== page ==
The challenge is to be open to what the poem wants to tell us. In this workshop we’ll explore strategies for getting beyond our previous knowledge. We’ll look at poems by three contemporary poets—Mark Doty, Sharon Olds, and Joseph Millar—that demonstrate different ways a poem can open up into discovery. And we’ll explore practical strategies to push into our own uncharted territory in order to write poems that take us where we’ve never been before.

Although we’ll focus on poetry, this workshop is highly applicable to writers of memoir as well. Discovery is at the heart of all personal writing.

Monday Workshop #1 - Monday, February 17, 9am-1pm
Location, Location, Location: The Poetry of Place

Not all poems need to be set in a specific location, but you start out with a great advantage in writing a narrative poem that is situated in a particular landscape. A poem that is set on the coordinates of time and space is rooted in this world. As human beings, we live in time and space. We’re born, grow up, live and die somewhere. Story happens in time and space. As Richard Hugo writes in his famous essay “The Triggering Town,” “If you ain’t no place, you can’t go nowhere.”

An accurate description of landscape (be it forest, city street, kitchen, closet, battlefield, or bed) can do a lot of work in a poem. Description is one way the poet can show us his or her consciousness because description says as much about the describer as it does about the thing being described.

Description is also a primary way to invite the reader more closely into the world of the poem. Stephen Dobyns wrote, “If the poet can get us to believe about a small thing, we will be more likely to believe the poet about a big thing. One of the quickest ways to establish the reader’s trust is through precise description of physical setting.”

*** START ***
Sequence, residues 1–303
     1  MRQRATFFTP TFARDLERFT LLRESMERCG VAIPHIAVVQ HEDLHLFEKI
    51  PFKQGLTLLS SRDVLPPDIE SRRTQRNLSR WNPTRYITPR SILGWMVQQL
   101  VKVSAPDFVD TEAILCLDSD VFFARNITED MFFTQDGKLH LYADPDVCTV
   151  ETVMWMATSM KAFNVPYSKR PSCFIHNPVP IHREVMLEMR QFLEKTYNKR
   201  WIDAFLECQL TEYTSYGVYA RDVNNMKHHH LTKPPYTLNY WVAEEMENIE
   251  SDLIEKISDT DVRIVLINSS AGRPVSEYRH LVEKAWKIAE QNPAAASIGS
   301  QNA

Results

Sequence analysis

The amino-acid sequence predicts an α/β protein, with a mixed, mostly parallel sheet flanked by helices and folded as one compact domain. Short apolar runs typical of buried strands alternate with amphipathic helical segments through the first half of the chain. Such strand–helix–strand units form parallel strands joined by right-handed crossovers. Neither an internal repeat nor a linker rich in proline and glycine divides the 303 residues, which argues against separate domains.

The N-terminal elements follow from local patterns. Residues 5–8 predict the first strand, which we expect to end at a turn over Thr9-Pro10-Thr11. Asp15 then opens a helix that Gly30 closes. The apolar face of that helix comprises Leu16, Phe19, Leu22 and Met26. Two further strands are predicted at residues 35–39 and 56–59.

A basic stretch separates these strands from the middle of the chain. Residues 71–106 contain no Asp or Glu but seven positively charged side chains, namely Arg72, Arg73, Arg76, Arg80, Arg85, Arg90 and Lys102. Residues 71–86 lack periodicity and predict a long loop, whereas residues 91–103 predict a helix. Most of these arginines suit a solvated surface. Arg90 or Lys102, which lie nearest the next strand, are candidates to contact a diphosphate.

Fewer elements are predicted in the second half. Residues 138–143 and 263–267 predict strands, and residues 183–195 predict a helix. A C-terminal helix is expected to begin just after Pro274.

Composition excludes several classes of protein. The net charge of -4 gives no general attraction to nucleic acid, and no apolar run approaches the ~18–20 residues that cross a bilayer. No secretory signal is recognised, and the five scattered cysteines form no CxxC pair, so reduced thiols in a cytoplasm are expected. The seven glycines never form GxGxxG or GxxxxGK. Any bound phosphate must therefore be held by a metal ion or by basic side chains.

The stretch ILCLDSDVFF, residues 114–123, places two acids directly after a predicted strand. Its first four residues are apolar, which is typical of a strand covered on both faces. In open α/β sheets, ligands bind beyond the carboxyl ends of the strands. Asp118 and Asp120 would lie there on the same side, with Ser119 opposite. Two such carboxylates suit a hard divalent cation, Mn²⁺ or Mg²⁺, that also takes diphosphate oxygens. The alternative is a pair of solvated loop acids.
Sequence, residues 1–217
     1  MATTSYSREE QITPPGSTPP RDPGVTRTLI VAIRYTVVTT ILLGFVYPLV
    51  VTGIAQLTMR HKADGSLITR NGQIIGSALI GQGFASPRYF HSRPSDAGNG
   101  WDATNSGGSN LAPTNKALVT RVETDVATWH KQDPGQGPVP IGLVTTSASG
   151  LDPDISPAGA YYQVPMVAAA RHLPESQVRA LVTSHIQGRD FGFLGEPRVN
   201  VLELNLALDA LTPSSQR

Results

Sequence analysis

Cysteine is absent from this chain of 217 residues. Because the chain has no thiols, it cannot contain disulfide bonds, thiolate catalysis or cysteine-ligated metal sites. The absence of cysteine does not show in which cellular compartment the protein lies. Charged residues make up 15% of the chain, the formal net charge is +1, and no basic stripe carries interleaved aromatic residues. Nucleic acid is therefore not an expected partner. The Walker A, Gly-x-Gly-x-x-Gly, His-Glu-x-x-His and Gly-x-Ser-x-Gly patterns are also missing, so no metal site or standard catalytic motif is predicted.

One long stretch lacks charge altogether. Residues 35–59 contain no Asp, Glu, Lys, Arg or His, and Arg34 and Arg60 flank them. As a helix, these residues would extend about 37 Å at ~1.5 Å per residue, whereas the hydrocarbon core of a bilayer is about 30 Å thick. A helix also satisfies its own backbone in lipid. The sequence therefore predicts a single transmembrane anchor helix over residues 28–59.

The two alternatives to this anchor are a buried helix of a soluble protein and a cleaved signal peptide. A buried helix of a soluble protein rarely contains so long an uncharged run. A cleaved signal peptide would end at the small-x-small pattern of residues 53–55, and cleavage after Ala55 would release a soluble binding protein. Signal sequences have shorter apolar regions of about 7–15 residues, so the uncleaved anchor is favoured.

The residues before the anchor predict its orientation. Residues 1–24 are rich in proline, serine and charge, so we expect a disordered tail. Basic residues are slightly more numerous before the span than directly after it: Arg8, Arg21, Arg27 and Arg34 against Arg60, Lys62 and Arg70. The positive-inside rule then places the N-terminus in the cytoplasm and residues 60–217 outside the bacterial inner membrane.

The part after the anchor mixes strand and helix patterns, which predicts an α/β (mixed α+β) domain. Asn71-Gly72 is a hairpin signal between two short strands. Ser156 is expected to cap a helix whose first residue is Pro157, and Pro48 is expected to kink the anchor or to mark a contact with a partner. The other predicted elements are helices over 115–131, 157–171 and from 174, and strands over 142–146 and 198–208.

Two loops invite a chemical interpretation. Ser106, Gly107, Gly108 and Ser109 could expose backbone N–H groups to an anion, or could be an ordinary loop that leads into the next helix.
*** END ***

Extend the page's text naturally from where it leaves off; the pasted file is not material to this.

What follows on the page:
In this workshop we’ll look at contemporary poems that have a strong foundation in place and explore how that setting works to create both the meaning and emotion of the poem. Then we’ll write our own poems that strive to achieve a detailed, accurate, evocative sense of place.

Monday Workshop #2 – Monday, February 17, 2 – 6pm
Metaphor: What is it Like?

Poetry is rooted in metaphor, in which we see the similarity, the oneness, in disparate things. One of the deep challenges in writing, is to discover the connections between things that we don’t yet understand. It’s one way we attempt to order the chaos of the world.

But of course it’s necessary for the metaphor to be fresh enough, vital enough, to actually do its work. The best metaphors are there not just for decoration, but because what we want to say can’t be said directly. We’re always searching for ways to express the mysteries, not only to our sophisticated minds, but also to our hearts. Metaphor is an intimate communication. It forges a bond between the writer and the reader and makes it possible to say the unsayable.

In this workshop Ellen Bass will discuss the use of metaphor in poetry, illustrate how metaphor works in sample poems and also provide specific, practical advice for writing more vivid metaphors in your own poetry. She will present a writing exercise that will give you an opportunity to practice using metaphor, and we’ll have a chance to share our writing. Expect to surprise yourself!